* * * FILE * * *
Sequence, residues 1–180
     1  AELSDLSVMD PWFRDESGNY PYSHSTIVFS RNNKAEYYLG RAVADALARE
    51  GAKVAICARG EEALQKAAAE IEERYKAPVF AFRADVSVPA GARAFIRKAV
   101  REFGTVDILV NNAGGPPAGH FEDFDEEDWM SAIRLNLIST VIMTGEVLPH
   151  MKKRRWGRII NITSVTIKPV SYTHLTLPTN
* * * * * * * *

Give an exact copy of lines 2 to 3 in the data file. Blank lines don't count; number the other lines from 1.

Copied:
     1  AELSDLSVMD PWFRDESGNY PYSHSTIVFS RNNKAEYYLG RAVADALARE
    51  GAKVAICARG EEALQKAAAE IEERYKAPVF AFRADVSVPA GARAFIRKAV